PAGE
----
That's true. There's not only Nick, with his abusive father, now dead, but also Kristine Kloos, the daughter of one of the three OSS agents, who's living in Suriname, the former Dutch Guiana. That's an example of a father\daughter relationship that's not gone well, so I wanted to explore that as a sub-motif, from the female point of view, but that episode or sequence of episodes really interested me more as an up-the-river, into-the-heart-of-darkness story, so to speak. And I think it helped to have a conflict between two other characters, family members, in addition to any conflict that might exist between Nick's desire to know the truth behind what went on in Italy and old man Kloos's desire not to talk about the betrayals of the past.

I just realized, as I responded to your question, that the patronymic I picked for the Dutchman—Kloos—has a vague resemblance to Conrad's Kurtz. That was not intentional. I last read Heart of Darkness well over twenty years before writing League of Shadows. The character's given name, Theunis, is an ancestral name from my own lineage, but I can't remember how I came up with Kloos. I settled on his surname fairly early on. I do family trees for my characters and individual character profiles for each one, so I know their backgrounds, even if I don't use it in the novel. I usually go back as far as a character's grandparents.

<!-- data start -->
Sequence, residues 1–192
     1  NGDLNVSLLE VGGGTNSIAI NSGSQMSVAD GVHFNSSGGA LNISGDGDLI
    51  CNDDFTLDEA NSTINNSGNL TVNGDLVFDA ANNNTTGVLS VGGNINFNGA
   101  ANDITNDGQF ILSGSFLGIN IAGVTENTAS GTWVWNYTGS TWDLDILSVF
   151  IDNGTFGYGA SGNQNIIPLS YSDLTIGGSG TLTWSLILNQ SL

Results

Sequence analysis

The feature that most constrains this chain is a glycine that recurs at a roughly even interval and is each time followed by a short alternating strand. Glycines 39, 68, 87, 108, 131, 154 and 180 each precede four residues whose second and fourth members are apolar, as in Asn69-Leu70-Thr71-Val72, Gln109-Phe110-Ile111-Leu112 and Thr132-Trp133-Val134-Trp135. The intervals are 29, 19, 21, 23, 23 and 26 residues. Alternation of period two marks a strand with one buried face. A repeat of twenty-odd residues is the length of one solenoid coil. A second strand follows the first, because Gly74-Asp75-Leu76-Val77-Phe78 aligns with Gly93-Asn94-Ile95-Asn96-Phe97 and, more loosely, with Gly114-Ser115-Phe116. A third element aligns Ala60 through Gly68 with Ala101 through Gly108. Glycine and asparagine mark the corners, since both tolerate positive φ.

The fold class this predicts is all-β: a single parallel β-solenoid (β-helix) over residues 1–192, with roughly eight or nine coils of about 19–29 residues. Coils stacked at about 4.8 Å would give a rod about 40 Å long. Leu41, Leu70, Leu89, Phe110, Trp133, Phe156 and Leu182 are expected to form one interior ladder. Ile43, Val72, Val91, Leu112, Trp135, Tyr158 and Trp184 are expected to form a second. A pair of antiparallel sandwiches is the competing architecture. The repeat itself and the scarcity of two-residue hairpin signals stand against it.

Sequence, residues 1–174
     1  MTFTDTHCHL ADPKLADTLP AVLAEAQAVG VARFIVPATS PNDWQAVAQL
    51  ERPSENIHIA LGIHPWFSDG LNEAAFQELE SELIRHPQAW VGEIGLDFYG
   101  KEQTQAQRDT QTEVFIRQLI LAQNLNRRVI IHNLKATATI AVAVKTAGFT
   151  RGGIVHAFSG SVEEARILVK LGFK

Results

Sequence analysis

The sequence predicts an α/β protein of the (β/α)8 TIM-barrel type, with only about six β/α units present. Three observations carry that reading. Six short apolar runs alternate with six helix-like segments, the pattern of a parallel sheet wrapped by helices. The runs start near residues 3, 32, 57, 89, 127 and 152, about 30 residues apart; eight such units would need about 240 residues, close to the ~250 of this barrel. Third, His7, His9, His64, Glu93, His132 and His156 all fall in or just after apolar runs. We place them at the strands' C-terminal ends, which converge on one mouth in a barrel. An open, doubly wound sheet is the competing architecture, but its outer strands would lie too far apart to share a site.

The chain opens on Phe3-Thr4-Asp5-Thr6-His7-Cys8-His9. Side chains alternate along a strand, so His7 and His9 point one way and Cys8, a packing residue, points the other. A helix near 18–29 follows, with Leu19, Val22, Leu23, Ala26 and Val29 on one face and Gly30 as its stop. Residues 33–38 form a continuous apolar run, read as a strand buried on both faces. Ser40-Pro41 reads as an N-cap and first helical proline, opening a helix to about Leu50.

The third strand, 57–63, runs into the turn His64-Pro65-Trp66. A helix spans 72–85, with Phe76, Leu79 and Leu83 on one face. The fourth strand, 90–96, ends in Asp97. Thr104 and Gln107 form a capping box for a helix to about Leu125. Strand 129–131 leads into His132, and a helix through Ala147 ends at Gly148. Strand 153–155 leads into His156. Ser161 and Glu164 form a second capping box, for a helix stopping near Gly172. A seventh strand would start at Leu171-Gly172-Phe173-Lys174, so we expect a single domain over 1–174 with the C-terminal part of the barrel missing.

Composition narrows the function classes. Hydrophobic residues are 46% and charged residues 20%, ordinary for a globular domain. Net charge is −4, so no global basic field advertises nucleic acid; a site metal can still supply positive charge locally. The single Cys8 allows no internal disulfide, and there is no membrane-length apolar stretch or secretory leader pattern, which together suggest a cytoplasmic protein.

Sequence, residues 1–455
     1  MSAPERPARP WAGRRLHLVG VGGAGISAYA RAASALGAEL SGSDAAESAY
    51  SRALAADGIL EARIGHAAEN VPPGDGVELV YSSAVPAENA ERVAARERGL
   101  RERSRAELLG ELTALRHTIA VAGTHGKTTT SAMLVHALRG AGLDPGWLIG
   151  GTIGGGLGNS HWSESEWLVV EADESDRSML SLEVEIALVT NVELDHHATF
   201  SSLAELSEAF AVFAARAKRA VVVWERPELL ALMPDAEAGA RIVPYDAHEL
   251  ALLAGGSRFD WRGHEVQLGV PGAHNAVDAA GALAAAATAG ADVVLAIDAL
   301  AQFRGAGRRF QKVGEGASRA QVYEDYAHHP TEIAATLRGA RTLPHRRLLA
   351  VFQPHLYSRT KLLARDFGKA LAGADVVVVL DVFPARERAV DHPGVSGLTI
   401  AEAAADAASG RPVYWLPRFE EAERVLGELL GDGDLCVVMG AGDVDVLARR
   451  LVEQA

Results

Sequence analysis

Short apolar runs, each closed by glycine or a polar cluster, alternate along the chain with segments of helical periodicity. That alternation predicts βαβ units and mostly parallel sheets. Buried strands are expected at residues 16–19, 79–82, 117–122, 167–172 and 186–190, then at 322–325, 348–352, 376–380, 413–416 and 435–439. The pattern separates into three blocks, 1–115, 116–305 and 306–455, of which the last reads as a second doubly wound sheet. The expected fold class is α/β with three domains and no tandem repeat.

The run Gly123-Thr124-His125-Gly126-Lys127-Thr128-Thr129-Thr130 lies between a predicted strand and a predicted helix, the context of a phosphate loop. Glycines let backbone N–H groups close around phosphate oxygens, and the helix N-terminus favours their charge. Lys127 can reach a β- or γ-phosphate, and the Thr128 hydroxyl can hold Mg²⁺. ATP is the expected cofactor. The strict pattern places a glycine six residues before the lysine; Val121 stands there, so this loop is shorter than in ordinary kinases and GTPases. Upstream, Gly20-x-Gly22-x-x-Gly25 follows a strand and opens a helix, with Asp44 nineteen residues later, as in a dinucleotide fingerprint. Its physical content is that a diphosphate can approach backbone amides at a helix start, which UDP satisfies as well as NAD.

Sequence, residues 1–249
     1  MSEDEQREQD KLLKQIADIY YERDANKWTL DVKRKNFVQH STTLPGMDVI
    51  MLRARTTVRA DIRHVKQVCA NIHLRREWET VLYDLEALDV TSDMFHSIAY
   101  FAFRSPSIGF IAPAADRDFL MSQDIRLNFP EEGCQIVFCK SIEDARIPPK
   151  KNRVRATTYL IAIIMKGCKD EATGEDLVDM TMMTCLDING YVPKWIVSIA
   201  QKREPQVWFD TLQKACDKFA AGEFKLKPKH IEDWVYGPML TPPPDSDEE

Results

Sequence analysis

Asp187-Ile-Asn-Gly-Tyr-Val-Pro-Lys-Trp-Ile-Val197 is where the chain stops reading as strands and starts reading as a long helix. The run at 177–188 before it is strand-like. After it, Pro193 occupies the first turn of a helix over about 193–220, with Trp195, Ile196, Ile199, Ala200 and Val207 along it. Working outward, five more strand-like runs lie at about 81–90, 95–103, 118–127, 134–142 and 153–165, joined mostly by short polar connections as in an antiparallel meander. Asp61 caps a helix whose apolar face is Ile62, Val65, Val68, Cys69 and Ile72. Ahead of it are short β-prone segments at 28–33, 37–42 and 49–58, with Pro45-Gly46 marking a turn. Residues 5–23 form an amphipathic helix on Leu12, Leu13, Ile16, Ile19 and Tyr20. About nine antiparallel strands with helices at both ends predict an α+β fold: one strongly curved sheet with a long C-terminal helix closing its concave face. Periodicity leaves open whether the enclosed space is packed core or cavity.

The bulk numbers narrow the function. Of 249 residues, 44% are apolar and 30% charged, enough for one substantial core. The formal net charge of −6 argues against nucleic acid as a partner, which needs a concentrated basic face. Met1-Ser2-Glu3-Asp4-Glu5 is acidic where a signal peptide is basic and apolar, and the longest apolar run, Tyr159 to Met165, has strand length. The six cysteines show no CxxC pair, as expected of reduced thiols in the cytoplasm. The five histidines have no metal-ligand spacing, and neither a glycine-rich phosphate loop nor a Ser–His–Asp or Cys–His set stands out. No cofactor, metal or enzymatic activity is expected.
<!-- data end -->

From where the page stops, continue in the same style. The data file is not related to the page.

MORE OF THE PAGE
What goes into a character profile?

I derived the format years ago from a writing manual or maybe an article in Writers Digest. I can't remember for sure. I have three basic sections. The first concentrates on physiology—aspects like sex, age, height and weight, color of hair, eyes and skin, posture, appearance, shape of the head, face and limbs, and any noticeable defects. The second focuses on sociology—the person's social class, occupation, education, home life, family, religion, race, nationality, political affiliation, hobbies, and so forth. And the third on psychology—the character's moral standards, sex life, ambitions, frustrations and disappointments, temperament, attitude toward life, any complexes, any special abilities, and other qualities of note. And some of these areas have other subcategories, so the profiles are fairly extensive.